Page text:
Hermione Lee, Virginia Woolf's Nose

Wasn't I flattered when the editor of biography contacted me and asked me to review this book? Wasn't it a happy day to receive the thin volume free in the mail? And to take a day off from manuscript work in July to write the review, well, it made me feel important and busy. So, then, what is the emotion when the editor writes to say, oops! we assigned the review to somebody else. Bless her, she tried to place it elsewhere. No dice. Here it is.

LEE HERMIONE, Virginia Woolf’s Nose. Princeton: Princeton University Press, 2005. 141 pp.

Hermione Lee is the author of the best biography of Virginia Woolf: in a field crowded with competitors for the definitive portrayal of a beloved woman writer, this is no mean achievement. Her status as Woolf’s definitive biographer is testament to Lee’s overall standing as one of our best literary biographers. In addition to Virginia Woolf (1998), she has written books on Willa Cather, Stevie Smith, Elizabeth Bowen, and Philip Roth. She is currently at work on a biography of Edith Wharton.

Lee’s latest book, Virginia Woolf’s Nose, is a handsome, slim volume on writing biography. It originated in a Cambridge University seminar and a series of lectures at Princeton. That origin, the book’s subtitle, Essays on Biography, and the humorous title itself (an allusion to the controversial prosthetic nose Nicole Kidman wore to play Woolf in the movie of The Hours) give the flavor of the book. Lee’s wit canters along at an easy pace here: Virginia Woolf’s Nose is a delightful read. Although this book is entirely concerned with literary biography, Lee never distinguishes between her subgenre and biography tout court: this is my only quibble with an otherwise lovely book.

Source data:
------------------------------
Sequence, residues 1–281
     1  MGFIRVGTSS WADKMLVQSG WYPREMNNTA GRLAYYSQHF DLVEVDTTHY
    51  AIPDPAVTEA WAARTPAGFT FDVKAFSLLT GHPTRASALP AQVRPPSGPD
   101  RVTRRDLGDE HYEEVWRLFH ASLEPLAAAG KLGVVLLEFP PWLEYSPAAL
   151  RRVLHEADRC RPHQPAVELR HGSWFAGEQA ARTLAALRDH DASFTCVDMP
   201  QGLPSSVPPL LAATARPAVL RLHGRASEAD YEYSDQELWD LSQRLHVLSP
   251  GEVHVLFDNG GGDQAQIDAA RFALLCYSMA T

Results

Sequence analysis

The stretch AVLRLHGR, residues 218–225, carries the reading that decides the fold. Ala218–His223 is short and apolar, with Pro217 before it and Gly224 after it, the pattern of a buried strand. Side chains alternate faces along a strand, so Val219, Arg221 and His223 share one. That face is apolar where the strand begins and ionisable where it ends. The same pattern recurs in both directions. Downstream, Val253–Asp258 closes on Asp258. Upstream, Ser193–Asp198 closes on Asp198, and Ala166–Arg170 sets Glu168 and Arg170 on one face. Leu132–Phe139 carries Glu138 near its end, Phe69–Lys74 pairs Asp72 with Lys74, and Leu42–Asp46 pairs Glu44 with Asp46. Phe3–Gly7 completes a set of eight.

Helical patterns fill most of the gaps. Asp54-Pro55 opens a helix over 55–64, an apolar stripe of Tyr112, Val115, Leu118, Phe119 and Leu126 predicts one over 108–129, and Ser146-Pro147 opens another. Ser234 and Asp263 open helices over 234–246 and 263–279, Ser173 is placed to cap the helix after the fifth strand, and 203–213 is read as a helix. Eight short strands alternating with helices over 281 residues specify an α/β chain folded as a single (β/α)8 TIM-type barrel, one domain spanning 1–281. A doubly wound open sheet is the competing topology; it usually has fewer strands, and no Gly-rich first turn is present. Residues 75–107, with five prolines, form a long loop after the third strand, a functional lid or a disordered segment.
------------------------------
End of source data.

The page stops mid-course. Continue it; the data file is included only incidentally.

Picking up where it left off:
The book opens with Elizabeth Gaskell’s note to herself: “If you love your reader and want to be read, get anecdotes!” Hermione Lee heeds Gaskell’s dictum here: we get stories of Jane Austen fainting, of Pepys forgetting to bring home the lobsters he has bought for dinner, of Trelawny grieving for Shelley while Byron darkly refuses to do so. Many of these stories are familiar but no less enjoyable for the repetition. But pleasure is not the whole point of this book nor is Virginia Woolf’s Nose only a fireside chat in the company of an engaging biographer. Each of these four essays discusses a particularly thorny aspect of biography: how to deal with gaps in the record, or a thin record in which every event seems to take on great significance, how popular fictional portrayals color—and flatten—public perception of a literary figure, and how biographers deal with death. Neither theoretical nor especially practical (this is not a how-to guide for beginners), Lee makes her case through judicious comparisons. As readers of her work will expect, she has little patience for polemical or narrow readings of a life. We should not expect Lee to insist that a single event colored an entire life any more than that a single theoretical perspective can bring that life into order. She revels instead in navigating how the details of a life combine to create a likeness of the writer.